Turnabout and Fair Play

As I was watching a news broadcast last night, a commercial came on that featured PETA, People for the Ethical Treatment of Animals. As anyone who is professionally engaged in the important biomedical advances that have come through the use of animal research would have been, I was immediately eager to see what kind of spin PETA had cooked up for their commercial. (And as anyone who thinks the ethical treatment of animals should be advocated seriously and responsibly, I simultaneously hoped to hear, for once, something sensible from PETA.)

But the advertisement turned out to be not for, but rather against, PETA: The opening image of a young girl holding a tabby cat is transformed as the word “ethical” expands to overtake the screen. Zoom in on the girl’s eye; fade to black and white; enter images of animal rights extremists vandalizing property and physically assaulting police. The caption Bruce Friedrich, PETA Campaign Director appears as a male voice-over declares,

“Of course, as a movement, we’re going to be blowing stuff up and smashing windows… I think it would be great if all of the fast-food outlets, slaughterhouses, these laboratories, and the banks that fund them, exploded tomorrow.”

Closing image: “PETA: As warm and cuddly as you thought? For more information, visit AnimalScam.com” (You can view the commercial if you visit the Web site.)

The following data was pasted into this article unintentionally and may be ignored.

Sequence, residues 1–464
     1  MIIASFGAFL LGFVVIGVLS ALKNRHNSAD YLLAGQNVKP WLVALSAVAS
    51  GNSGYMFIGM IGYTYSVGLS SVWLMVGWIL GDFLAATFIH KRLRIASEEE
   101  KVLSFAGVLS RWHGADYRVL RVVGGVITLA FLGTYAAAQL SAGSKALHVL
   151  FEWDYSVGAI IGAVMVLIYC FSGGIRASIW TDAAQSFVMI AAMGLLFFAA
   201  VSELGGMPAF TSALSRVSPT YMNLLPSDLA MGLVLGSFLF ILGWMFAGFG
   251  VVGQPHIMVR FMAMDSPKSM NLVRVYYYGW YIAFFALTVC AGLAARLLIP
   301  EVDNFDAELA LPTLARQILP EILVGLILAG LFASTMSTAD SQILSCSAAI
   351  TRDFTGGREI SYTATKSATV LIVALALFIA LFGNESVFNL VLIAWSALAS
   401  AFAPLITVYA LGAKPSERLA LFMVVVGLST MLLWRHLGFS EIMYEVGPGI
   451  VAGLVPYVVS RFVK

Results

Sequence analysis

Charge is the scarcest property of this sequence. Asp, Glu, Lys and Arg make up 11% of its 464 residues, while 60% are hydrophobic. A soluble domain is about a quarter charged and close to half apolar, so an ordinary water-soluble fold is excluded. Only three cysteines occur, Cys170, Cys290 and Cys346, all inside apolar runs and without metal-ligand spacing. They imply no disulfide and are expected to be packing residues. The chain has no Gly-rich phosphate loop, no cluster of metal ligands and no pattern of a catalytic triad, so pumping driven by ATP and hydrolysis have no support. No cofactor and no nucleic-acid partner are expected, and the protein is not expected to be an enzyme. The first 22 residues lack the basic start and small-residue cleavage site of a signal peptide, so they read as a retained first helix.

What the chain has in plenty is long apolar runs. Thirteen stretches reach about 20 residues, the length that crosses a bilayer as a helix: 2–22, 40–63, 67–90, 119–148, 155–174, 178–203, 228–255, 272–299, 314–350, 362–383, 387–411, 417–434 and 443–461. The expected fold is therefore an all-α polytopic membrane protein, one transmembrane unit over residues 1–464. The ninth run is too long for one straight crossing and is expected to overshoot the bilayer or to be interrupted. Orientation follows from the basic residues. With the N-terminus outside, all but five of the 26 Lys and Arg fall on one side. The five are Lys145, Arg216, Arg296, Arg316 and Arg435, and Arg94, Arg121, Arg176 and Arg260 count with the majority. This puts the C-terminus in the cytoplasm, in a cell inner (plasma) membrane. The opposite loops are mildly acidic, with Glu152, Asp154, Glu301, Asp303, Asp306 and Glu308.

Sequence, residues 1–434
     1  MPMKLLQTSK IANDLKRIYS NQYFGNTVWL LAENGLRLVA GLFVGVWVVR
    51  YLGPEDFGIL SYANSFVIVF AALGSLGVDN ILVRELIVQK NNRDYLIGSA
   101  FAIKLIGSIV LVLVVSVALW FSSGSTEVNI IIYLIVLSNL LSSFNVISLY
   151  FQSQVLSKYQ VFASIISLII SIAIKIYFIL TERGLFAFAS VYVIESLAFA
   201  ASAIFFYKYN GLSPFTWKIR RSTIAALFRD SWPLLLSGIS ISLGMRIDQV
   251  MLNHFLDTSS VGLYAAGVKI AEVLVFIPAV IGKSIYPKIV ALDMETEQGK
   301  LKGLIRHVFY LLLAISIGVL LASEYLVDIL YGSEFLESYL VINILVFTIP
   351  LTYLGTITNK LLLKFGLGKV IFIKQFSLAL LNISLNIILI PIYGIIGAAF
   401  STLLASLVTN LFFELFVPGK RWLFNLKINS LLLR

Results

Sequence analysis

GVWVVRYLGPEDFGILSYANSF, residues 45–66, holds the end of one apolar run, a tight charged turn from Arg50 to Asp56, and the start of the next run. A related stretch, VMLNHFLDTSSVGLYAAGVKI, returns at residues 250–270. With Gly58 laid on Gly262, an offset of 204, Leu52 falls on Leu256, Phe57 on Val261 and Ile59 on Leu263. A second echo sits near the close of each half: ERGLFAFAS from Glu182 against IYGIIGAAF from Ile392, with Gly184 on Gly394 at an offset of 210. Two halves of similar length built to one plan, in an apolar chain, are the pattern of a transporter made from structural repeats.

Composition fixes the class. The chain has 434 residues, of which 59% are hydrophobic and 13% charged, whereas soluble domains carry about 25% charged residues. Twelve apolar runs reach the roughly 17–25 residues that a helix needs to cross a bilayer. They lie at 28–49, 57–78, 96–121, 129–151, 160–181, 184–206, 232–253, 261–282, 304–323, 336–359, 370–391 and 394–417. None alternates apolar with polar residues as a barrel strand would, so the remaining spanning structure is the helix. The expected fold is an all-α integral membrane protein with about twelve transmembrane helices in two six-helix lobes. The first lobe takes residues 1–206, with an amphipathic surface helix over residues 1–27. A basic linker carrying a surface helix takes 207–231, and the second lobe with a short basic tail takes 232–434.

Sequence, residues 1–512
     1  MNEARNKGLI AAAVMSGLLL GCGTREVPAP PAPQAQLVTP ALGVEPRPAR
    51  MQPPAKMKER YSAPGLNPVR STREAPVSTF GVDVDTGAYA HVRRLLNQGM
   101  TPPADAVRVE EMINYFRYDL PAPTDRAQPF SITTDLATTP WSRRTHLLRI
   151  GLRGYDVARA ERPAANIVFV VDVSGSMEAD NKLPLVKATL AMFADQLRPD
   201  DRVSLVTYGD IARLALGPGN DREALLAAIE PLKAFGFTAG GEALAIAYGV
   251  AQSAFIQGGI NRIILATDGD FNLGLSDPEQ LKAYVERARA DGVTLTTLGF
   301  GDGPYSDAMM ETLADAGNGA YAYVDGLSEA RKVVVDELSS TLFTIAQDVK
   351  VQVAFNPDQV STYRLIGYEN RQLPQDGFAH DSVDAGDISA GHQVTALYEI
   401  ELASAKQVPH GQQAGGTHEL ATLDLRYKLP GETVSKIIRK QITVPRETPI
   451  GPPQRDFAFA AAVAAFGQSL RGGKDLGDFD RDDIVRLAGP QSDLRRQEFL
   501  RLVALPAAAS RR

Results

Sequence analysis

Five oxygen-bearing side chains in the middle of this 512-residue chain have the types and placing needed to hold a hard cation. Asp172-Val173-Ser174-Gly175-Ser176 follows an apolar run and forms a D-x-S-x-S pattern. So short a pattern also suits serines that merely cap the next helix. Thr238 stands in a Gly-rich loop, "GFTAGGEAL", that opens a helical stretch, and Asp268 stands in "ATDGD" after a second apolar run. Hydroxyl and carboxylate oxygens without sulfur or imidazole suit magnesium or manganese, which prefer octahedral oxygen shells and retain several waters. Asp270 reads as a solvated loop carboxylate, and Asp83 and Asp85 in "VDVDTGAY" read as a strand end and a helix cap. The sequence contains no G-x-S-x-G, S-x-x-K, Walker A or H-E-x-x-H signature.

Who was responsible for so brazenly challenging the anti-science rhetoric of PETA? Not a biomedical association, nor any kind of (explicitly) science-lobbying group. The commercial was sponsored by the Center for Consumer Freedom, whose Web site describes its organization as “a nonprofit coalition supported by restaurants, food companies, and consumers working together to promote personal responsibility and protect consumer choices.”

I have to admit that I was disappointed that AnimalScam.com was not the brainchild of an organization with a fundamental interest in objective information for the express purpose of advancing science (as opposed to advancing consumerism). Within a medium that so greatly influences public opinion, the commercial was very effective—and right on target, if somewhat derivative of advertisements that we’ve seen from the realm of politics, in its aim to expose PETA’s hypocrisy and just plain weirdness. (PETA President Ingrid Newkirk, for example, solidly links the emergence of disease to a meat-inclusive diet: “The battle against SARS and other diseases begins with your fork.”)

I don’t know—maybe the very objectivity that is supposed to characterize science prevents scientists from impassioned and public arguments of the sort that I had anticipated last night as the anti-PETA commercial got underway. Maybe the best I can hope for is a well-produced commercial on occasion from the American Cancer Society or Pharmaceutical Research and Manufacturers of America, or a thoughtfully controversial letter or two to the editor of scientific publications. (Dear reader, you may regard this as a hint.)

Still, wouldn’t it be refreshing to hear that a group of biomedical scientists were expected to appear—with just a picket sign or two—at the annual Animals Rights Conference? (Mark your calendar: June 27–July 2, 2003, at the McLean Hilton Hotel in McLean, Virginia.)

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